From the Editor
God’s Gift to Marine Photojournalism:
Rocky Mountain News
BEST IN SHOW: Todd Heisler, Rocky Mountain News. When 2nd Lt. James Cathey’s body arrived at the Reno Airport, Marines climbed into the cargo hold of the plane and draped the flag over his casket as passengers watched the family gather on the tarmac. Click here for the 2005 Atlanta Photojournalism Seminar Award for Heisler’s work with the Cathey funeral.
CorpsStories Winter 2006 Editorial
Rarely does a picture make me cry. But twice in less than as many months, I have sat in bed with my laptop on my legs, felt my chest involuntarily fill with air, and had uncontrollable sobs rip through me like thunder from the sky.
When I saw Heisler’s photo of 2ndLt Cathey’s pregnant, devoted wife camp next to his casket so that she could spend a last night with him.
When I saw Heisler’s photo of an eagle’s feather tucked between the folded hands of the corpse of Cpl. Brett Lundstrom.
I’ve seen hundreds, if not thousands of outstanding photos from America’s newspaper’s photo departments. Many, most in fact, are far better than they are ever given credit for.
But Heisler is unique: his photos each paint across a vast canvas. They are stories. They each could stand alone, and any viewer would be moved, would understand that he has used discretion, and excellent judgment, and yet revealed something intimate and extremely personal that most of us, God willing, will never experience in our lifetimes.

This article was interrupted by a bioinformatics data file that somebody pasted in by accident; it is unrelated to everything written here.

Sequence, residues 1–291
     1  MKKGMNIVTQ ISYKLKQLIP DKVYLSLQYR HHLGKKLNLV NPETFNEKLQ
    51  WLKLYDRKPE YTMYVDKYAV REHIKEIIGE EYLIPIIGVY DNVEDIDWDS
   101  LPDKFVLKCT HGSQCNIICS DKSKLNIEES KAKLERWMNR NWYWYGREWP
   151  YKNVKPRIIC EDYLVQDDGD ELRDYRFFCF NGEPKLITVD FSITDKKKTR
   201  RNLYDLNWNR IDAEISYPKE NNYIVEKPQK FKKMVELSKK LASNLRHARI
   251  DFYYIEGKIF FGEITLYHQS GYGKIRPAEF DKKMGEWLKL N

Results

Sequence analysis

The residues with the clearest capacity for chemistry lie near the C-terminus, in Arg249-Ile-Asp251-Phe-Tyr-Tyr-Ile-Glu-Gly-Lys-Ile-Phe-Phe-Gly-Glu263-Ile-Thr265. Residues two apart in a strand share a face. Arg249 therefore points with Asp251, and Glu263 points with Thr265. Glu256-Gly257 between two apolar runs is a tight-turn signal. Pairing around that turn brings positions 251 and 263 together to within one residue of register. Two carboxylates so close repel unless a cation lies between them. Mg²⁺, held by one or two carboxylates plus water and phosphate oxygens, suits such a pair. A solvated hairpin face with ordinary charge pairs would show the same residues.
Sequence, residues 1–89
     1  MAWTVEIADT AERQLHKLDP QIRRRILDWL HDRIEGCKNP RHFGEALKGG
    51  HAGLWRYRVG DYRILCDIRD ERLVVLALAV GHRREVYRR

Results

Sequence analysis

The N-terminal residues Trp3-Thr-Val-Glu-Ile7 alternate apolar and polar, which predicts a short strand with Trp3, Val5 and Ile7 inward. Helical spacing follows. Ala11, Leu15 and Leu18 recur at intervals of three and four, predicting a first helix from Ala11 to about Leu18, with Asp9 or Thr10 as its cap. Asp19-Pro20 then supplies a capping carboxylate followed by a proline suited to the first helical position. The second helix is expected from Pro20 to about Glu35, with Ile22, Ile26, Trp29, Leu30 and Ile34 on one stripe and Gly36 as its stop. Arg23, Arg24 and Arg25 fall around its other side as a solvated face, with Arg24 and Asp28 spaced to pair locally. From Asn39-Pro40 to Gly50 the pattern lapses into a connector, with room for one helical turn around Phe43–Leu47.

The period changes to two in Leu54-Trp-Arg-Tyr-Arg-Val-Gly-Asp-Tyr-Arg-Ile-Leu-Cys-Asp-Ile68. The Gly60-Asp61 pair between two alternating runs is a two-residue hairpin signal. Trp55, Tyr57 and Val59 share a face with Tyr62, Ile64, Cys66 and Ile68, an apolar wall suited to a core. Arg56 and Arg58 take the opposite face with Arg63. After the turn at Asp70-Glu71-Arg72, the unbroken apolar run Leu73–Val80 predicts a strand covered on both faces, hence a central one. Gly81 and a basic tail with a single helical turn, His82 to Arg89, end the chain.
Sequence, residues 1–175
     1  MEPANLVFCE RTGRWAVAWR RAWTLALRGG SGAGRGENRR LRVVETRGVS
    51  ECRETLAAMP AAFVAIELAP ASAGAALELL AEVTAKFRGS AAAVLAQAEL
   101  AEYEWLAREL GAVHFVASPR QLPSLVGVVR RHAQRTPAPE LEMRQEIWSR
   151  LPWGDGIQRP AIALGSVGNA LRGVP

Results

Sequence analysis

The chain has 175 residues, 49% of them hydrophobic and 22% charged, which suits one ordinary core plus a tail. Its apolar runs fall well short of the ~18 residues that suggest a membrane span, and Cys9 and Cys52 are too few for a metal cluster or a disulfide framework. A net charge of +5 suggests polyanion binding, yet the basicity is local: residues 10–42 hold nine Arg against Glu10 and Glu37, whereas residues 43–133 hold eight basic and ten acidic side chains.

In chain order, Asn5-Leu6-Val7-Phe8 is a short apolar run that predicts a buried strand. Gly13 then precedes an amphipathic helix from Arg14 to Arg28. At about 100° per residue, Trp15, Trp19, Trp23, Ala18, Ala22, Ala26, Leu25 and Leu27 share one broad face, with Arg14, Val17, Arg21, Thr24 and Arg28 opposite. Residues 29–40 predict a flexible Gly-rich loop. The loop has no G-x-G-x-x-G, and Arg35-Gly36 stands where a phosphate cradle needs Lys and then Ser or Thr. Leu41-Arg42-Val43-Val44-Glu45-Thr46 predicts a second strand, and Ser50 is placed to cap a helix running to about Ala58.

So when collected, when one reviews the Cathey gallery published in Time Magazine, or the Lundstrom gallery published by Heisler’s own Rocky Mountain News, the experience is riveting, and inspiring and life changing.
Life changing because we see why these fallen Marines are among the greatest Americans who ever lived. Because only Marines, and their devotion to each other and insistence that each be laid to rest with precision honor – only Marines truly know what that fallen Marine has given us. Heisler’s galleries bring ordinary Americans though closer to that understanding, by the glorious art he creates and the strength he captures.
I had the honor of speaking to him momentarily recently. I asked him for an interview. He was very gracious and said he’d call, but hasn’t, for which I completely understand. The whole world wants his attention and rightly so.
But I was able to tell him what was in my heart: that he had revealed to me that he had taken the time and courage to build a trusting relationship with the Marine Corps, one which gave him the access for the Cathey photos.
He is a very brave man, and clearly one with strong ethics and convictions. And through that, and that alone, he is revealing the Corps, like no other photojournalist in civilian media today.
God bless him.